October 2020
Volume 20, Issue 11
Open Access
Vision Sciences Society Annual Meeting Abstract  |   October 2020
Deep Convolutional Neural Networks for Predicting Head Pose During Brain MRI Acquisition
Author Affiliations
  • Yijun Zhao
    Fordham University
  • Hui Yuan
    Fordham University
  • Jingjie Zhou
    Fordham University
  • Samantha Martin
    NYU Langone School of Medicine
  • Heath Pardoe
    NYU Langone School of Medicine
Journal of Vision October 2020, Vol.20, 817. doi:https://doi.org/10.1167/jov.20.11.817
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      Yijun Zhao, Hui Yuan, Jingjie Zhou, Samantha Martin, Heath Pardoe; Deep Convolutional Neural Networks for Predicting Head Pose During Brain MRI Acquisition. Journal of Vision 2020;20(11):817. doi: https://doi.org/10.1167/jov.20.11.817.

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      © ARVO (1962-2015); The Authors (2016-present)

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Abstract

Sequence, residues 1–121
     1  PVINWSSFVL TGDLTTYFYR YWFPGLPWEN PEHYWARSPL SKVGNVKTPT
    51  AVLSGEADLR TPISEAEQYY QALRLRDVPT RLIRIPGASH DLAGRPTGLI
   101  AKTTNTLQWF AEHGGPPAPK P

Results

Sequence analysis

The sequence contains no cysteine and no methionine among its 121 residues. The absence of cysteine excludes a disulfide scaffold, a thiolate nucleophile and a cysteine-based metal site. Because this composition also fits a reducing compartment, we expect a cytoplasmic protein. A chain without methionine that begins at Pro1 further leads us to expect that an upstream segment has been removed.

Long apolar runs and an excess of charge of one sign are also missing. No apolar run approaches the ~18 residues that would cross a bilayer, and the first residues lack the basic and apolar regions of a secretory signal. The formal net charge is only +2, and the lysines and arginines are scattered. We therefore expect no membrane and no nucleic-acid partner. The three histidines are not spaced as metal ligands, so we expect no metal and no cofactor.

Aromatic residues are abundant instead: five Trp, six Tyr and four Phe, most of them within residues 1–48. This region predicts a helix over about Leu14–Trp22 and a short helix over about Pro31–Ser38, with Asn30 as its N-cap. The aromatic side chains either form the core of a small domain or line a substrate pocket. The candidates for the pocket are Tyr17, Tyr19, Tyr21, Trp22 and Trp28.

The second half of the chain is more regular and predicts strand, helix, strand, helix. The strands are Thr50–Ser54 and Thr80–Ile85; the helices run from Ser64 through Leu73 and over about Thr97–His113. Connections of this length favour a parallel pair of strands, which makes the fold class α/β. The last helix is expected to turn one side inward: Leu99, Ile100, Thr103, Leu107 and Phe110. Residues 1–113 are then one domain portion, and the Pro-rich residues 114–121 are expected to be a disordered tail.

In-scanner head motion is a major source of error for brain MRI. There are currently no widely available methods for directly assessing in-scanner motion during the acquisition of neuroanatomical sequences. In this study, we developed a convolutional neural network-based method to measure changes in head pose over the duration of a scan via analysis of video obtained from an in-scanner eye tracker. Our method will allow for direct measurement of head motion during scanning, which can then be used to statistically control for head motion in quantitative neuroanatomy studies. Video data was obtained at a sampling rate of 30Hz. Thirteen healthy adults were imaged on a Siemens Prisma MRI scanner with an in-bore eye-tracker system. Ground truth head pose estimates were obtained using fMRI acquisitions that were acquired simultaneously with in-scanner video using a repetition time=1.3s (total scan time=7min). Participants carried out a series of deliberate head motions during the acquisition. Head pose over the duration of the scan was parameterized by coregistering each image volume to the first volume of the fMRI scan using rigid body registration. We employed deep learning methodologies to build 1) a classification model that classifies each video frame as “motion” vs. “no-motion” in reference to the starting position, and 2) a regression model that predicts the magnitude of subject motion for each frame. Our model is a deep convolutional neural network with nine convolutional layers, four max-pooling layers, and seven dense layers. Our classification model achieved an overall accuracy of 89% with 96% and 84% performance for the “no-motion" and “motion" frames respectively. Our regression model obtained an overall generalization loss (MSE)<7.8E-3. Sample performance plots are provided in the Supplementary Material page. Our study provides convincing data supporting the utility in-scanner video and deep learning methodologies for detecting subject motion during MRI scans.

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